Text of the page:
I’m thinking that maybe I would like a slab of bacon to go along with my eggs. But I can’t mention that or the “Rancherette” might want to start raising pigs. I can just hear her now, “Oh, they are soooo cute! That would lead to me building luxury pigpens, with special pig feeders and all the other luxurious items that pigs enjoy, like mud. There is plenty of that today.

Me, I just want the bacon. I can get it delivered by mail.

Have a wonderful day.

Everyone is Happy

It seems this morning that it is a good day to start the biennial Daylight Saving Time debacle, uh debate. I can deal with the time change twice a year, but it certainly throws the schedule off for all our animals. We have seven Standard poodles, two Cairn Terriers, and one Italian Greyhound. They live in nice insulated indoor/outdoor kennels, with heaters for the winter and fans for the summer. They seem to enjoy their conditions. Twice a day, we let them run freely in the fenced acre behind the house. They have a time for everything. Eating, drinking, peeing, pooping, etc. Everyone is happy.

We also raise Silkie chickens. Silkies are a special breed of bantams. They too, enjoy a very nice domicile. Wood chips on the floor, insulated coop, covered with chicken wire to keep out the hawks, with food, water, and nesting boxes to lay eggs. They don’t quite have the hang of the egg boxes, just yet. They lay anywhere they want to, under the ramp, on the bare ground and even behind the tree.  They get treats every day as well, usually, dried mealworms.But, they also have a time for everything; eating, drinking, peeing, pooping, etc. Everyone is happy.

Well, let me get back to the DST storyline. Just Saturday, I tended to the dogs at 7 A.M., Daylight Saving Time, The sun was barely peeking over the horizon, the wild birds were beginning to flutter in the trees, the neighbor’s cows were mulling about, calves wanting to nurse, the roosters were crowing, the hens were beginning to cackle and everything seemed in place. I let the dogs out of their pens for their morning constitutional and they ran and played, sniffed all the bushes and each other and the males marked they territory, just as they do every morning. Did I mention, they also get a treat each morning for just being dogs. Imagine that. Everyone was happy.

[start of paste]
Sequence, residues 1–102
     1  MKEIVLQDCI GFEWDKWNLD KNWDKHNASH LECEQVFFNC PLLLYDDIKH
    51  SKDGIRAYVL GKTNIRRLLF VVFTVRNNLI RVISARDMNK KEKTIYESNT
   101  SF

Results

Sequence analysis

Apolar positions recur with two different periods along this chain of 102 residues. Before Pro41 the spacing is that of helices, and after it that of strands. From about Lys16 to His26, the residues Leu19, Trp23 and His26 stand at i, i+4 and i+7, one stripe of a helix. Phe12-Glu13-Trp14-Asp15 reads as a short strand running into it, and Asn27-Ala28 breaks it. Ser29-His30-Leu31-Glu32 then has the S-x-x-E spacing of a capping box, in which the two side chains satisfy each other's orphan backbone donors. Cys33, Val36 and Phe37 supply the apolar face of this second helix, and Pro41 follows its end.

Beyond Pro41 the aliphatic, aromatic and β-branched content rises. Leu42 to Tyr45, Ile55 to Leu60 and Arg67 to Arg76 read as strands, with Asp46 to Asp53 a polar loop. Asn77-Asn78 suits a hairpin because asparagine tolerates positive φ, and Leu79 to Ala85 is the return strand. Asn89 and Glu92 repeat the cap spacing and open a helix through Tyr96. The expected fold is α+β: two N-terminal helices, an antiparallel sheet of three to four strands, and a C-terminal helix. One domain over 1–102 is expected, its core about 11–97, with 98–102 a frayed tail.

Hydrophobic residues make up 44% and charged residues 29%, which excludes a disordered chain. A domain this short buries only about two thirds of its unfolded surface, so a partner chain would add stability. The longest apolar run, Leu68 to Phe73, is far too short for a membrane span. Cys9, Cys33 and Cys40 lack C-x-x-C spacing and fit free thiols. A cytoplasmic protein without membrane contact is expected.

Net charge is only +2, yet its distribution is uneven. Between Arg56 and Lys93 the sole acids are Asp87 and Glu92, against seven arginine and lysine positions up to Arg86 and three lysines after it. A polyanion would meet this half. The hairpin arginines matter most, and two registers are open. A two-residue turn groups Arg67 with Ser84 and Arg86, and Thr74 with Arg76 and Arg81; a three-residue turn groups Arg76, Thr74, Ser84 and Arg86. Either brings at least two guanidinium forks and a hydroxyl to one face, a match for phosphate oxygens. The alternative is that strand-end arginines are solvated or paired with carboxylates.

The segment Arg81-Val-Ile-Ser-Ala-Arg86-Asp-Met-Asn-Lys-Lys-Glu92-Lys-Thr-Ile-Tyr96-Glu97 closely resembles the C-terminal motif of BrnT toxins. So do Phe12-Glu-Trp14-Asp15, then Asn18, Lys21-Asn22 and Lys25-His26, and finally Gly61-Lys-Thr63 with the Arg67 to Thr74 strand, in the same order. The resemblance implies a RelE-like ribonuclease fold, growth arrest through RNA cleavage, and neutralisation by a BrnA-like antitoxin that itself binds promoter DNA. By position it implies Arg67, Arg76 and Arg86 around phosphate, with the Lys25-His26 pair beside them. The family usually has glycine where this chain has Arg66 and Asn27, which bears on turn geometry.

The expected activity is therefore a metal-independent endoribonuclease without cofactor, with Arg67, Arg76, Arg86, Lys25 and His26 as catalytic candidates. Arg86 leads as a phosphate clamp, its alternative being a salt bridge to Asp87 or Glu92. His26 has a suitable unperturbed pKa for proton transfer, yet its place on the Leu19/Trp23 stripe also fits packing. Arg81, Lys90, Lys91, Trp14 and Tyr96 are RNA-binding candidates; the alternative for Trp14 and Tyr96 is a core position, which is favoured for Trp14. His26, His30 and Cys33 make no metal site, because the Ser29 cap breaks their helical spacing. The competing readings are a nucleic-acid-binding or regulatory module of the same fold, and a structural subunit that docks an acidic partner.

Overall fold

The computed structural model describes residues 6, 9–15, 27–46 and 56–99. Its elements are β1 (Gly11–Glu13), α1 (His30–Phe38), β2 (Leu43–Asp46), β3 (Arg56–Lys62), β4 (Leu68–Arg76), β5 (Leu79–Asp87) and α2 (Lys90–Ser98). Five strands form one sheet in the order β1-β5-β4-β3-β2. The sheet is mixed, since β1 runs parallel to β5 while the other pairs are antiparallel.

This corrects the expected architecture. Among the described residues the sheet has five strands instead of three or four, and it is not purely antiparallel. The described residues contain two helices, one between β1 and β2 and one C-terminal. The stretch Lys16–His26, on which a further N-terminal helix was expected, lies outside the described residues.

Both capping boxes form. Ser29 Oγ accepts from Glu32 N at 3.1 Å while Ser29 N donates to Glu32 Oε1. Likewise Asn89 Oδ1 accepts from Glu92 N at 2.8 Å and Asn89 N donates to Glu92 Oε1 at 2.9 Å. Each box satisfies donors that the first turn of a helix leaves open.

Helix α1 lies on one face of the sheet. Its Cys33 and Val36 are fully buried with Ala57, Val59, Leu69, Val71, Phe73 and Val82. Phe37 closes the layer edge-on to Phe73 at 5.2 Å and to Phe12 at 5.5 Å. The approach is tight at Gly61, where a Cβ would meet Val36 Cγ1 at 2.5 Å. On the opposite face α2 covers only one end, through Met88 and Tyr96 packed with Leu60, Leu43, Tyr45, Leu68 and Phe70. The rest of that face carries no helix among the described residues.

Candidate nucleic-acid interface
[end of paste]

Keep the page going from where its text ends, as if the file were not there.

The “Rancherette” lets the chickens out of their coop into their fenced runs. They scratch and peck the ground, cackle at each other or at the roosters who then become amorous and they do all the things that chickens do. They have no set schedule as when to lay eggs. Sometime during the evening before, someone deposited one in the doorway; it almost became scrambled. They also get treats every day, just for being chickens. Everyone was happy.

That was Saturday. On Sunday, we reverted to Central Standard Time here in North Texas. Seven A.M., Saturday became Six A.M. on Sunday as we set the clocks back one hour. That is supposed to give us an extra hour of sleep. That means when I went out to the animals at Seven, I was an hour later than before. That did not work for the animals. They got up with the sun just as they do every morning. Barking, cackling and crowing, they wanted their regular routine.They were not so happy this morning.

Why do we change the time anyway? I don’t think Arizona or Hawaii changes their time. I’m thinking that since this is a free country, we do not have to change our time either. I do not have to be anywhere at a certain time. So what, if I am early or late! Who cares? The “Rancherette” and I discussed this last night after we went to bed at 9:15 P.M. or was it 10:15 P.M.? I’m not sure I was happy.

So I have decided, I either have to adjust my schedule to correspond with all the animals; meaning I have to get up an hour earlier or place clocks in all the pens and teach them how to tell time. They are smart animals, they can learn. What ever happened to my extra hour of sleep? Everyone is happy, well, maybe not everyone.

But I certainly hope you are.